Comparative and Content Analysis on Physics Laboratory Curriculum in Japan and the Philippines: An Assessment Policy Review


The study primarily employs comparative and qualitative content analysis. We focus on document analysis to identify potential gaps in K-12 assessment policies in Japan and the Philippines laboratory curriculum while drawing insights from international educational frameworks in mathematics, science, and reading proficiencies found in international Large-Scale Assessments (ILSA). We analyze various education systems, including the K-12 Curricula of the Philippines and Japan, referencing documents such as SEA-PLM 2019, TIMSS 2023, PIRLS 2016 and 2021, and PISA 2015, 2018, and 2022. This analysis is a basis for determining policy continuity and improvements, ensuring gender-fair, inclusive, and quality physics education in both countries. We also evaluate policy alignment with the K-12 Law's intentions. In the initial coding phase, four dimensions are analyzed: 'Purpose,' 'Process,' 'Practice,' and 'Product.' The second coding phase focuses on three Sustainable Development Goals (SDGs) dimensions: SDG 4.0, aiming for inclusive and equitable education; SDG 5.0, aiming to empower women and achieve gender equality; and SDG 10.0, aiming to reduce disparities among student populations. This analysis assesses alignment with global standards and practices, ultimately providing recommendations for K-12 assessment policy improvement. The study highlights parallels and discrepancies in physics laboratory instruction and learning in Japan and the Philippines, emphasizing the importance of investing in physics laboratory curricula to enhance student engagement and achievement. Both countries can address educational challenges by collaborating to develop effective physics laboratory teaching and learning curricula that meet student needs and demands.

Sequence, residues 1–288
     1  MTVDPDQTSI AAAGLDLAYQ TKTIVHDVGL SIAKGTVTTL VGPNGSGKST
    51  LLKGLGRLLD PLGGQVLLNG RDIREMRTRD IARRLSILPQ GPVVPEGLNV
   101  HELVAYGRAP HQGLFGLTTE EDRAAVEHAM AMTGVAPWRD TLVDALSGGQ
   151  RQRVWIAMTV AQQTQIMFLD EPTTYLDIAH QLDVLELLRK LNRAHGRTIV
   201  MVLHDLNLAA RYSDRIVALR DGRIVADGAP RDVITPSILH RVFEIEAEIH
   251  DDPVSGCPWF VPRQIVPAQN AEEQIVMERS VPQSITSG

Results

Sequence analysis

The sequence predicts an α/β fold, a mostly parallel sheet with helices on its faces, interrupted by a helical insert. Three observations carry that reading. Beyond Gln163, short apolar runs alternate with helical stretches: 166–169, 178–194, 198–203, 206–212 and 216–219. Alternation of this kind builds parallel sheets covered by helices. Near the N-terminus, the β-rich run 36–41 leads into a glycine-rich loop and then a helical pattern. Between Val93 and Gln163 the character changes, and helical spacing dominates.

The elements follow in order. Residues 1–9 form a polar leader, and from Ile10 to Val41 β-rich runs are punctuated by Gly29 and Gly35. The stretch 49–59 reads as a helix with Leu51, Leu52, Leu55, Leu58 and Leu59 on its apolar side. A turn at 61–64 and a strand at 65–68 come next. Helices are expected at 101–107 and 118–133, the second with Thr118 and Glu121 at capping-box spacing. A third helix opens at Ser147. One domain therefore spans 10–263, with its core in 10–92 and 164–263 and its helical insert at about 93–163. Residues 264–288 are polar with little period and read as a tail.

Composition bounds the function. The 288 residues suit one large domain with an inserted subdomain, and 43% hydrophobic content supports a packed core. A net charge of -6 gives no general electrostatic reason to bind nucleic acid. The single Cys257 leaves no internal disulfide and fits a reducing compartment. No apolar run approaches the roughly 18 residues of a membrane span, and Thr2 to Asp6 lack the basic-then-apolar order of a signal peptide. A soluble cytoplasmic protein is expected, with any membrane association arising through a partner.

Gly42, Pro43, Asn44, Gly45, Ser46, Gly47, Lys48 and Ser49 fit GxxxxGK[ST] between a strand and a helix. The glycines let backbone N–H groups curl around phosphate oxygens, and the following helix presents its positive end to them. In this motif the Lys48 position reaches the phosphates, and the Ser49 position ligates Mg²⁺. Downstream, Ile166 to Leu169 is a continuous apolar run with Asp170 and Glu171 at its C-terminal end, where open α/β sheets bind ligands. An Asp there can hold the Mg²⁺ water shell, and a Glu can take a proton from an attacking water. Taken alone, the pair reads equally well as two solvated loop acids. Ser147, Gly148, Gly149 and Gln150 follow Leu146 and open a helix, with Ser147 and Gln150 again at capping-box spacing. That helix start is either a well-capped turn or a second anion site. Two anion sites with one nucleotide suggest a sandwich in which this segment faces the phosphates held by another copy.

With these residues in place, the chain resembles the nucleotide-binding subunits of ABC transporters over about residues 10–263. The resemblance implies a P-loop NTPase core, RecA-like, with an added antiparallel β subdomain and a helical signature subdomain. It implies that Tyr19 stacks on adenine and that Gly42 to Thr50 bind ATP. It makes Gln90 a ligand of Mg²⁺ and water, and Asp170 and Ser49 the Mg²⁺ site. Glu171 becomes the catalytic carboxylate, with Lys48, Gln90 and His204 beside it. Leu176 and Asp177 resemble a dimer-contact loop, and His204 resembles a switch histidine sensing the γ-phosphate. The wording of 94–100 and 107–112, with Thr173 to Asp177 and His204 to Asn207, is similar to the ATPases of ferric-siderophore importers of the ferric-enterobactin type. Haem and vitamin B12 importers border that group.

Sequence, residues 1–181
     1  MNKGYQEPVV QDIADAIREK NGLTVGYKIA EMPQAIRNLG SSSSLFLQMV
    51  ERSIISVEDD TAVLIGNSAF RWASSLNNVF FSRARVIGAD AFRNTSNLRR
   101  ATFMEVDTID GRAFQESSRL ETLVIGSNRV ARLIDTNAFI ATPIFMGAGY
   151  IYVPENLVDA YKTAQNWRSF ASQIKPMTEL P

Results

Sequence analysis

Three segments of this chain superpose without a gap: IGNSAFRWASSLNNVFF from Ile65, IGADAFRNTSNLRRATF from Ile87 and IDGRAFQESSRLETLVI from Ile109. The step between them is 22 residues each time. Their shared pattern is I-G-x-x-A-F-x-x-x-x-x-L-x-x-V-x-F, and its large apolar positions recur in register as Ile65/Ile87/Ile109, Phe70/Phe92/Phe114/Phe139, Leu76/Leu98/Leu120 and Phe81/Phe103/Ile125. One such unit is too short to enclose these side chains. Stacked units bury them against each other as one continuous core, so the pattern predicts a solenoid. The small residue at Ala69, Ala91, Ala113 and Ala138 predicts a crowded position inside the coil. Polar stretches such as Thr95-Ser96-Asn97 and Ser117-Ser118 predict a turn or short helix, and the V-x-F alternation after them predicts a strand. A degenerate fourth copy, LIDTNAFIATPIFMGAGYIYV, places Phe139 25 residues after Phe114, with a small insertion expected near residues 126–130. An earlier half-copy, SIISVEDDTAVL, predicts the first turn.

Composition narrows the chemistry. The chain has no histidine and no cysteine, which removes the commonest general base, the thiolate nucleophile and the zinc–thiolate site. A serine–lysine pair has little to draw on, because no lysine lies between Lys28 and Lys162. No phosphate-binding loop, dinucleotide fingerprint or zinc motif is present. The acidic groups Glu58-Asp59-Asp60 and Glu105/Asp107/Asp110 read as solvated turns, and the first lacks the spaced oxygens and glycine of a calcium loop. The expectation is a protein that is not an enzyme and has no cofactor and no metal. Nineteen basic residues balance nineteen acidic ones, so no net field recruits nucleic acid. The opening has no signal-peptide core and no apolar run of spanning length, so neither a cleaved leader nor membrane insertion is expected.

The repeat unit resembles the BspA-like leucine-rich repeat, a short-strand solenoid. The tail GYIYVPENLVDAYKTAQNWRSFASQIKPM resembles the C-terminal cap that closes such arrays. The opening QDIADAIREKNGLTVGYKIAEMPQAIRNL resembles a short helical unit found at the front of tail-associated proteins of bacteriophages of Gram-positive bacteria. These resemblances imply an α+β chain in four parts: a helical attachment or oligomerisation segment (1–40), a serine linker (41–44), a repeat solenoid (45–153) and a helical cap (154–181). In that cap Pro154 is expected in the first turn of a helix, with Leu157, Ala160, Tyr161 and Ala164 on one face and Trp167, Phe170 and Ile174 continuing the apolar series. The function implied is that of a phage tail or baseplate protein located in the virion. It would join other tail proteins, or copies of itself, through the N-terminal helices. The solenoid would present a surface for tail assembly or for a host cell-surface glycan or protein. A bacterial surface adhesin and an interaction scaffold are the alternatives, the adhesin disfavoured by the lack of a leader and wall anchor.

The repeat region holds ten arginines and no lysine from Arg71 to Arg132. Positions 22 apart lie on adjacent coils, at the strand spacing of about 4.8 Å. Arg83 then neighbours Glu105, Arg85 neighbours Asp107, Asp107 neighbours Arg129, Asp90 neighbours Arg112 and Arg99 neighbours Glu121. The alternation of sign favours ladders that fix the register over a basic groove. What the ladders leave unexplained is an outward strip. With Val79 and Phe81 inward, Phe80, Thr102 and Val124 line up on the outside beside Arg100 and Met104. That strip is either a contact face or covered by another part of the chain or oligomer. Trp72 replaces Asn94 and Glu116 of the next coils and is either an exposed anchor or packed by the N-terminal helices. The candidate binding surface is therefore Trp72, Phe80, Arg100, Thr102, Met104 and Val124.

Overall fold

Author Information
Richard Sagcal, De La Salle University, Philippines
Denis Dyvee Errabo, Hiroshima University, Japan

Paper Information
Conference: IICE2024
Stream: Educational policy

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Posted by James Alexander Gordon